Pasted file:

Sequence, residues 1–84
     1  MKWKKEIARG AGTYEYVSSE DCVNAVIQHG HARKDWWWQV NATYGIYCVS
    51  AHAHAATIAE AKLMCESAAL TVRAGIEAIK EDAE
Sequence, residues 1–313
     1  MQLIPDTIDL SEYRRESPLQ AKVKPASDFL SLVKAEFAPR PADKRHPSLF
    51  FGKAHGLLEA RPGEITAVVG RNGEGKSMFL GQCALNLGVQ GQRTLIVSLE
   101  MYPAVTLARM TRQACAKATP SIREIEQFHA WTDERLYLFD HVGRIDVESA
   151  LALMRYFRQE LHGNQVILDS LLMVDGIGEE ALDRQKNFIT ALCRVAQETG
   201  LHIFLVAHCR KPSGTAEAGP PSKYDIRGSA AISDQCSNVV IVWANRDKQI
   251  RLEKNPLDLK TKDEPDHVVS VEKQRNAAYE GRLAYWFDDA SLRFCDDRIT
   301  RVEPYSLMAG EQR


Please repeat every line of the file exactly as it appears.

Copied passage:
Sequence, residues 1–84
     1  MKWKKEIARG AGTYEYVSSE DCVNAVIQHG HARKDWWWQV NATYGIYCVS
    51  AHAHAATIAE AKLMCESAAL TVRAGIEAIK EDAE
Sequence, residues 1–313
     1  MQLIPDTIDL SEYRRESPLQ AKVKPASDFL SLVKAEFAPR PADKRHPSLF
    51  FGKAHGLLEA RPGEITAVVG RNGEGKSMFL GQCALNLGVQ GQRTLIVSLE
   101  MYPAVTLARM TRQACAKATP SIREIEQFHA WTDERLYLFD HVGRIDVESA
   151  LALMRYFRQE LHGNQVILDS LLMVDGIGEE ALDRQKNFIT ALCRVAQETG
   201  LHIFLVAHCR KPSGTAEAGP PSKYDIRGSA AISDQCSNVV IVWANRDKQI
   251  RLEKNPLDLK TKDEPDHVVS VEKQRNAAYE GRLAYWFDDA SLRFCDDRIT
   301  RVEPYSLMAG EQR